Trigeminal autonomic cephalalgias: From pathophysiology to clinical aspects

G. Bussone, S. Usai

Research output: Contribution to journalArticlepeer-review


The strictly unilateral headaches, more commonly known as trigeminal autonomic cephalalgias (TACs), are characterised by severe, strictly unilateral pain in the territory of the distribution of the trigeminal nerve, associated with autonomic manifestations. The recent International Headache Society classification lists the strictly unilateral headaches as cluster headache (CH), episodic and chronic paroxysmal hemicrania, and short-lasting unilateral neuralgiform headache attacks with conjunctival injection and tearing. CH is the most common and best-defined of the TACs, whose pathophysiologies have not been adequately defined. Convincing proposals for pathophysiologic mechanisms must explain the trigeminal distribution of the pain, the homolateral autonomic manifestations; and, for CH, the usually periodic recurrence of the crises and clusters. With regard to CH, (i) the pain is always located periorbitally- frontally, implicating nociceptive mechanisms involving the trigeminal nerve; (ii) the autonomic manifestations homolateral to the pain seem to be both parasympathetic (lacrimation and rhinorrhoea) and sympathetic (ptosis and miosis); and (iii) the periodicity of the attacks and seasonal recurrence of the cluster periods suggest involvement of a biological clock within hypothalamus.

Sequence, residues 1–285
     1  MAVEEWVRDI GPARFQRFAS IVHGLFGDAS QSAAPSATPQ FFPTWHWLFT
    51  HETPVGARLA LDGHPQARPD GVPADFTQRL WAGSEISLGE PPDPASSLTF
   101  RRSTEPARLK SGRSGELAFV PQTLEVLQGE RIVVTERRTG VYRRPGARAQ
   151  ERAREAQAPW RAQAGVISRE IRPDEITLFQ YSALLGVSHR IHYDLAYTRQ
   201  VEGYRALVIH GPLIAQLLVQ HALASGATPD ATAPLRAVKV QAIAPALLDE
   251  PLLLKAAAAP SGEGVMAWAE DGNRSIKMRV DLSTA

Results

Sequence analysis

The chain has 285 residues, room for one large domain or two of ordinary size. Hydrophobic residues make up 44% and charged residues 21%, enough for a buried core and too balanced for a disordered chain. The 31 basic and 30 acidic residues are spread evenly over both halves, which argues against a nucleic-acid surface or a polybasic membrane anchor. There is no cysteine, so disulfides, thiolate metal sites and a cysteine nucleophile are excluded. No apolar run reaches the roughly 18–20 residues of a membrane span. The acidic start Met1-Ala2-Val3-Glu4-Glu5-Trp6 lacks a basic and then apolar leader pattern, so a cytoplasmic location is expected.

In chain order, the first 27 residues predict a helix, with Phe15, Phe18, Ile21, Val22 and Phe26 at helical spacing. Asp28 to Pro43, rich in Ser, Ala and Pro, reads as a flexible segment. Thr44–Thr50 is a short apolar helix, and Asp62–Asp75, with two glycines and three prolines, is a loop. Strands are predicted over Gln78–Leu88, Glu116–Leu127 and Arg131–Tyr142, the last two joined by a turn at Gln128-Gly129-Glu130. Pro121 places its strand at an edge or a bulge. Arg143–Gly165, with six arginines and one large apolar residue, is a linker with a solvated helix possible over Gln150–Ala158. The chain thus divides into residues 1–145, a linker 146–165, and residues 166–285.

Original languageEnglish
JournalNeurological Sciences
Issue numberSUPPL. 3
Publication statusPublished - Oct 2004


  • Cluster headache
  • Pathophysiology
  • Trigeminal autonomic cephalalgias

ASJC Scopus subject areas

  • Neuroscience(all)
  • Clinical Neurology


Dive into the research topics of 'Trigeminal autonomic cephalalgias: From pathophysiology to clinical aspects'. Together they form a unique fingerprint.

Cite this